Toy Organization with Free Label Template


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Confession.  I’ve had this template for toy organization ready for months. I’ve delayed sharing because I didn’t have “nice” pictures to add to the post.   And today I realized….that was lame.   I know other articles have fancy graphics and professional quality photos showcasing their work.   You guys….I don’t have time for that creativity.

But I didn’t want my lack time to delay sharing any longer. So I snapped photos of the toys, didn’t arrange anything and took low quality photos.   I hope you’ll still be cool with me.

Toy Organization

Let’s talk specifically about indoor doors because I’ve already covered how to organize outdoor toys.

If your house is anything like mine, suddenly you’re drowning in toys post-Christmas.


Let’s handle that nonsense, shall we?

I made these labels and love them. They’ve really helped my kids understand where each toy belongs and eliminated clutter. I added pictures because I want my kids to put their OWN dang toys away.

Disclaimer: Because I have all boys – they are pretty “boy centric”.  I tried to add girl toy categories but had to literally google “what do girls play with”.   (What the hell are Hatchimals?)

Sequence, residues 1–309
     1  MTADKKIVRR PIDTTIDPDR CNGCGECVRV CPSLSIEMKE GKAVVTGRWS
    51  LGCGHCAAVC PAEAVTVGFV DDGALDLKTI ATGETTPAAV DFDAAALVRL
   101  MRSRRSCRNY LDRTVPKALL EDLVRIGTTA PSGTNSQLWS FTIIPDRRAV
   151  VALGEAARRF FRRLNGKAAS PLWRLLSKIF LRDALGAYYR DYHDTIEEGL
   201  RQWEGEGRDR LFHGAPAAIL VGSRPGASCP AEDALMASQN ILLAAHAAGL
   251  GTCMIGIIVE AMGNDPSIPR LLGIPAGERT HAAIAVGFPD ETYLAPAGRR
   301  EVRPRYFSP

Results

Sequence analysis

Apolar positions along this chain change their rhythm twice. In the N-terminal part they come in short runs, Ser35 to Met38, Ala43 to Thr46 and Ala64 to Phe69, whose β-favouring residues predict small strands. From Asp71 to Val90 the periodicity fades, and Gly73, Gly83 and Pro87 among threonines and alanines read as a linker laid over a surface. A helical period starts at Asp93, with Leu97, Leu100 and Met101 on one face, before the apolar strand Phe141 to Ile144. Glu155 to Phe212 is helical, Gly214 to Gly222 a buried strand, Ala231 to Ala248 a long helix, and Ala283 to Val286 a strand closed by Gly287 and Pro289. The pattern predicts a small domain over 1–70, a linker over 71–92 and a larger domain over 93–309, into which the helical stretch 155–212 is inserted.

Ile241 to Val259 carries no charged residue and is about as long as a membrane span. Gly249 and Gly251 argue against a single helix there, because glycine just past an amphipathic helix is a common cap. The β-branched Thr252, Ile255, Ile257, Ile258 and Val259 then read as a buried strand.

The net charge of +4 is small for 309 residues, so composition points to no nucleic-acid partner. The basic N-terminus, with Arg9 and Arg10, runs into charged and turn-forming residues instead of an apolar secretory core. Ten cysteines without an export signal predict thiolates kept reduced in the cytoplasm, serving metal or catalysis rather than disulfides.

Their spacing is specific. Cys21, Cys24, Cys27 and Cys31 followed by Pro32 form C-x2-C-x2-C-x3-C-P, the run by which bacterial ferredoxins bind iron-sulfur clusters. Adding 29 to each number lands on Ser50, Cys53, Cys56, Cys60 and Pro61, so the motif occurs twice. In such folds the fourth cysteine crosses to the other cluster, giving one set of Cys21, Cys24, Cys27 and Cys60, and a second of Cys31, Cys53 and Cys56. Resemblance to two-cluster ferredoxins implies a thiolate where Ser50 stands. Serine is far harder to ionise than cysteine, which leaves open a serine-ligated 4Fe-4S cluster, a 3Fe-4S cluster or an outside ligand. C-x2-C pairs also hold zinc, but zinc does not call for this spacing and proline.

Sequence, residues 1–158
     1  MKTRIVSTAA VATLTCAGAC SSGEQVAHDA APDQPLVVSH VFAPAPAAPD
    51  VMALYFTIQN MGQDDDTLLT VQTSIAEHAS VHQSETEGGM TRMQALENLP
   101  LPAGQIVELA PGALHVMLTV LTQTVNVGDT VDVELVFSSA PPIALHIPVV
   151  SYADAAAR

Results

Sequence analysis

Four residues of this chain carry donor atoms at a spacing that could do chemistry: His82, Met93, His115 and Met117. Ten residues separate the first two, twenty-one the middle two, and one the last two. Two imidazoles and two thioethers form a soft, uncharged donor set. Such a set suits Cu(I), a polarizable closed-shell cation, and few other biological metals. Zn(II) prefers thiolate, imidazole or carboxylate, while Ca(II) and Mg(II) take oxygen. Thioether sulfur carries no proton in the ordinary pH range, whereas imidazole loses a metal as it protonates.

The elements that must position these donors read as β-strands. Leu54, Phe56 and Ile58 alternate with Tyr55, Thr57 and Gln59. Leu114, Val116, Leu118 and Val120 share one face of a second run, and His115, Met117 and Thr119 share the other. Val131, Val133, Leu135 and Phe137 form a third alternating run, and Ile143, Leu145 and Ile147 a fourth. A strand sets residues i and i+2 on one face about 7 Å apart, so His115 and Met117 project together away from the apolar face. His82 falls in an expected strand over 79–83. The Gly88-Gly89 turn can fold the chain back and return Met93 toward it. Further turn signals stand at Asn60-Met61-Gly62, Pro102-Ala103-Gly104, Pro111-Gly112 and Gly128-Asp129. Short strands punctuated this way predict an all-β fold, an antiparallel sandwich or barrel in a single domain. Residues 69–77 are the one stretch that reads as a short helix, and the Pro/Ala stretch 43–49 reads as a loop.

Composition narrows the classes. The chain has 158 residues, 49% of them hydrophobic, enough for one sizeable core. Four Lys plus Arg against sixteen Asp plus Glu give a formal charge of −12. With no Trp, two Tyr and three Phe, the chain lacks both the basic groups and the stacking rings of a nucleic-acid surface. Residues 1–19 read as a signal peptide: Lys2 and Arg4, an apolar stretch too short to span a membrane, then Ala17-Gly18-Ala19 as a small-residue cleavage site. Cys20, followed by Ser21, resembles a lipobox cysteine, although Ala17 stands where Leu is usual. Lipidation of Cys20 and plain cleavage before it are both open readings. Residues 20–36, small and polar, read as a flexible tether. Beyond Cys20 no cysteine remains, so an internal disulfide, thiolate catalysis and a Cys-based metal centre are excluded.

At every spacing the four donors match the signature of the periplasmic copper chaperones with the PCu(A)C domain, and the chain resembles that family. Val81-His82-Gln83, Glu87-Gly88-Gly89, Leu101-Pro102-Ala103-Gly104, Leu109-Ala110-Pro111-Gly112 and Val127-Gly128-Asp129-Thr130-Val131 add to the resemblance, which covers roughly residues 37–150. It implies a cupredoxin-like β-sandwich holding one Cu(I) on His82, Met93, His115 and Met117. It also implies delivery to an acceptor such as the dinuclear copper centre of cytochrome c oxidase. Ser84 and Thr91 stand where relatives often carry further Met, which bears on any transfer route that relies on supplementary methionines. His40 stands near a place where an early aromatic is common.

Second Disclaimer:  If you have only girls or only boys…some of the images might not apply.  However, I’d suggest you print them anyway and give them to a friend.  You’d be their organizational hero.

How to Use the Labels

  1. Purchase Avery Round 2″ labels.  I personally used the Avery 2″ Durable labels because everything in my home (with three boys) needs to be durable. The durable ones are more expensive.  I’ve seen them at Wal-Mart, Target and Amazon.  But they’ve always been cheaper on Amazon.
  2. Next download this Toy Label template.
  3. Print them.  Note: NEVER select “fit to page” when printing. It won’t work.
  4. Put them on whatever container you’d like.  I use the the Sterilite small shoe bins. (At Wal-Mart they can be found at: Sterilite 12 Qt./11.4 L Storage Box, White –


  • Put labels on both sides so it shows either direction.
  • Take advantage of the learning opportunity! Example: When asking them to put toys away, ask them specifically to find the box that says “B-A-L-L-S for Balls.”  It starts word and letter recognition early.